For each theme, you have people of all ages, young middle and older. By doing this, the writer managed to show that as we get older our way or learning, thinking and perspective also shift and change depending on our experiences and mistakes.
If you are a student of human learning, then this book is for you.
Highly recommend it.
Profile Image for Amy Shannon.
Author 102 books120 followers
January 1, 2019
Interesting premise

Stoller's The Learning Project is a very interesting premise, and many of the stories can be inspirational. It brings to light rites of passages that help transform a person, and they can either be better or worse for it. The writing tells a story while bringing in the reader to think of their own rituals and transformations throughout life, and learning. It also sounds like there will be more like this to come, as this could be a never-ending project to uncover. I look forward to reading more by this author.
1 review
November 7, 2018
The Learning Project, by Lincoln Stoller, is a most amazing book, a powerhouse of intellectual and humanistic insights from a rare collection of diverse individuals of all ages and backgrounds. Lincoln’s unique format of interviews and conversations makes for fascinating reading. His sensitive questions get the guests to open up their inmost thoughts and feelings, focusing on how they were pursuing their highest potential in life, how they were inspired to develop their unique capabilities and reach for their most fulfilling goals and dreams. This book gives an intimate look at what it means to be human, masterfully captured by a sympathetic and brilliant curator. An amazing book, well worth reading more than once.
Profile Image for Cherye Elliott.
3,296 reviews17 followers
January 13, 2019
The learning project

What a strange yet interesting read.
I am not sure how to review as it is more of a book of learning, of experiencing, and observing how others live.
I read a collection of people's choices. How that changed them and the triumphs and failures, the risks they took and their successes.

The book is easy to read and understand BUT not does it make you think. The book's title catsuit all. It is a learning project. It is a rite of passage covering from young to old. But the book does take you for an emotional rollercoaster.

Profile Image for Angie Dokos.
Author 4 books224 followers
December 28, 2018
I think this book was complex. It was well done; well researched. I think it's too smart for me. I'm only partially kidding about that. It was a little too long and seemed to drag for me at times. It really makes you stop and think about things. It opens your eyes to things you probably never thought about before. It also made me think that I need to love myself more! I'd like to thank the author for my copy of this book; I won it on Twitter. :)
1 review
January 6, 2019
The Learning Project takes a wide view of the question of personal growth, getting out of framework of a particular age, age group, attitude, or subject. It's not Eastern or Western, liberal or conservative, Buddhist or Christian, Baby Boomer or Millennial.

In it, 35 people of all ages, cultures, and interests explain how they came to be, from the perspective of their own sometimes celebrated and sometimes violent lives. The somewhat surprising and uncorreographed conclusion appears to be that learning rests on whether or not you respect yourself. And the more you respect yourself, in spite of everything, the more you evolve toward wisdom.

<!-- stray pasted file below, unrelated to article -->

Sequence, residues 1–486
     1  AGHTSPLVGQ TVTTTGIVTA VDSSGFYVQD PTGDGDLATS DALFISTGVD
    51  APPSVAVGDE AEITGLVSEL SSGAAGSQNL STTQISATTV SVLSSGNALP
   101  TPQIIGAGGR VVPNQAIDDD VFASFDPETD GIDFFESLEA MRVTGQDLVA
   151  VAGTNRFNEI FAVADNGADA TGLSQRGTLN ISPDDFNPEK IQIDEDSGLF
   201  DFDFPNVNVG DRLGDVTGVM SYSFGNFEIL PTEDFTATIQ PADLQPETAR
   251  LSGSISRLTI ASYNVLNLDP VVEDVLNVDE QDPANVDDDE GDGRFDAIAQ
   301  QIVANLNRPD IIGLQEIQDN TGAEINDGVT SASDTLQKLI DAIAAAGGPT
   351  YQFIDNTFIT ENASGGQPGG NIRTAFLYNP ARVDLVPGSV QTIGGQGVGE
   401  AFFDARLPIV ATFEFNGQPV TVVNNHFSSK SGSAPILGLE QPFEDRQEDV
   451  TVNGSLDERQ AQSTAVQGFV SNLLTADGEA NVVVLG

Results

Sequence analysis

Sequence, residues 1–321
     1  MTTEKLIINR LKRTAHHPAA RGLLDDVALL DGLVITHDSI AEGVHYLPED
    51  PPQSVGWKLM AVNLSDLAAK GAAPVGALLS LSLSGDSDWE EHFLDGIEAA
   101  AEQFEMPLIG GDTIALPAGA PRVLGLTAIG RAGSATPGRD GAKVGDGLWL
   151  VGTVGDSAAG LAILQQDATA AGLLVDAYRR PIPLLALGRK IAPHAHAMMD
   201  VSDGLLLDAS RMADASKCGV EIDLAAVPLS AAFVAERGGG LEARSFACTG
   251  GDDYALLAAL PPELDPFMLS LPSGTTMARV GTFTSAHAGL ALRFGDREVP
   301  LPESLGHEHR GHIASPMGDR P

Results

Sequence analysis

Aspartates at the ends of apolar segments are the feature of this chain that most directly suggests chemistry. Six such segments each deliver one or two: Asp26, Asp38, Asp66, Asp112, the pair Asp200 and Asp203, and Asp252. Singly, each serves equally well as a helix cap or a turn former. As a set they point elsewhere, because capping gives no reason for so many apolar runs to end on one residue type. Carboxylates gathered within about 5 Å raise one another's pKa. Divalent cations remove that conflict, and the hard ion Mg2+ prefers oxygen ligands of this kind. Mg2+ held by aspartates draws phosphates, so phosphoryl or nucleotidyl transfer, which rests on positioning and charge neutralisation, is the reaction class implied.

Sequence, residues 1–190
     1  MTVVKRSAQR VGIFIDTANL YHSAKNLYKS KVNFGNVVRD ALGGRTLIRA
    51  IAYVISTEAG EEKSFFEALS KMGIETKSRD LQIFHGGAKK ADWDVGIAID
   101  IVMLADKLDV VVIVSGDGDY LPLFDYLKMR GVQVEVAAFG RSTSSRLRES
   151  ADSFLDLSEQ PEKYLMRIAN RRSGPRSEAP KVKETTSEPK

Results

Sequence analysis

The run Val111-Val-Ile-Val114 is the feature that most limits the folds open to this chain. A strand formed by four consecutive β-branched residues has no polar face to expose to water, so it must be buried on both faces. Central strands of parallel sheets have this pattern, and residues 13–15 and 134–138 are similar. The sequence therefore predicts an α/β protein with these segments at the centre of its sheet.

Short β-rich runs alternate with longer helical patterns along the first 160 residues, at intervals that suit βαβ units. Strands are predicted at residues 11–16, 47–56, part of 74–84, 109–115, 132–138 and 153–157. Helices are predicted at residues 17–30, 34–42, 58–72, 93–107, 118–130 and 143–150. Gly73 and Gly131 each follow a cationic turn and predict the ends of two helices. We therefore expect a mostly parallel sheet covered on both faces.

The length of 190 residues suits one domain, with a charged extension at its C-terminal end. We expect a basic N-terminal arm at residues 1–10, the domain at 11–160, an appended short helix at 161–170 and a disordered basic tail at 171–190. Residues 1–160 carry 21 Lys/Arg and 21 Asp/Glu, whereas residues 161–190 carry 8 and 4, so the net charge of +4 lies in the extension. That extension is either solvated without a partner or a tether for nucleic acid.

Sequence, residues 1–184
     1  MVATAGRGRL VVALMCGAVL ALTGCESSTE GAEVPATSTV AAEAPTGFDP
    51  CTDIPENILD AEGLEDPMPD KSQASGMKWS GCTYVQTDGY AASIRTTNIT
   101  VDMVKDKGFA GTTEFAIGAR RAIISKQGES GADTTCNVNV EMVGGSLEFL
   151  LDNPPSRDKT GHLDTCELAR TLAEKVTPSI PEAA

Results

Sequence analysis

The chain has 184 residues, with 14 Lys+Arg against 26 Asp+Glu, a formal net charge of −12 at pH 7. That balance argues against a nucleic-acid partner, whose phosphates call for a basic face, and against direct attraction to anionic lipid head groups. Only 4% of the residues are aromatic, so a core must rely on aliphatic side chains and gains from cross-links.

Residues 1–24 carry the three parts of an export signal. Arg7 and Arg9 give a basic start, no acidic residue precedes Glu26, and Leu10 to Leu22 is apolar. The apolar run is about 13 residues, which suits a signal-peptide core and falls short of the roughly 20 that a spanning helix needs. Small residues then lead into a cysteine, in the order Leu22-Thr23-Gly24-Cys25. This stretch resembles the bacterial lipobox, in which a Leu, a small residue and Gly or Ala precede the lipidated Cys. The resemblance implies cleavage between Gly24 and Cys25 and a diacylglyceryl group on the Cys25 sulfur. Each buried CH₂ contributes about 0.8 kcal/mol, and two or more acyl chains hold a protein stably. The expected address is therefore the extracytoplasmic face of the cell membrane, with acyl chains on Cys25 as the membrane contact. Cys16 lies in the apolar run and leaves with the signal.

November 9, 2018
The Learning Project is a massive work, showing many examples of the choices people make in their lives. It focuses on learning, how people have learned what it is they have needed for their very full lives; what comes forth is the way each individual has adjusted to and worked with the conditions of his/her life, while intending to move forward. These are very personal accounts.

One of the most remarkable things about The Learning Project is the sheer diversity that shows up as each person unfolds their story. There are so many more ways to learn than the model our culture currently supports. These stories come from individuals who forged their own trails, each in their own personal way. I am left with a new appreciation for how wonderfully inventive we are, we humans—as well as how our differences become our strength. Message to all: accept yourself as you are, take yourself seriously, and keep going!
Profile Image for Lincoln Stoller.
Author 13 books20 followers
March 13, 2020
Deciding to write this book was a simple decision: I realized I'd been writing it all my life—almost like a memoir—so all I had to do was finish it.

The question that has nagged me all this time is the question of what sort of reality was I supposed to be seeing? Some people tell you what to think, others act as if they've figured it out for themselves, but the most interesting ones won't give any answer. I was not finding an answer, either, so this book is what happened when I decided to get down to business and analyze the problem.

The best way to do that, I felt, was to ask the right people who had, were, or will be exploring all areas of the question: what do we learn, how do we learn it, and why? Obviously, it's a question whose scope is endless, but I feel I did a pretty good job of containing it. I did that by putting the question in a mythic context and asking people of all ages, interests and backgrounds to give me their deepest reply.

The success of the book likes in its bringing an answer into focus. I didn't know what that answer would be, so there's a measure of objectivity in it. At the same time, I don't want to inject my own prejudice by telling you what that answer is. Find if for yourself. Maybe your answer will be different.
Displaying 1 - 9 of 9 reviews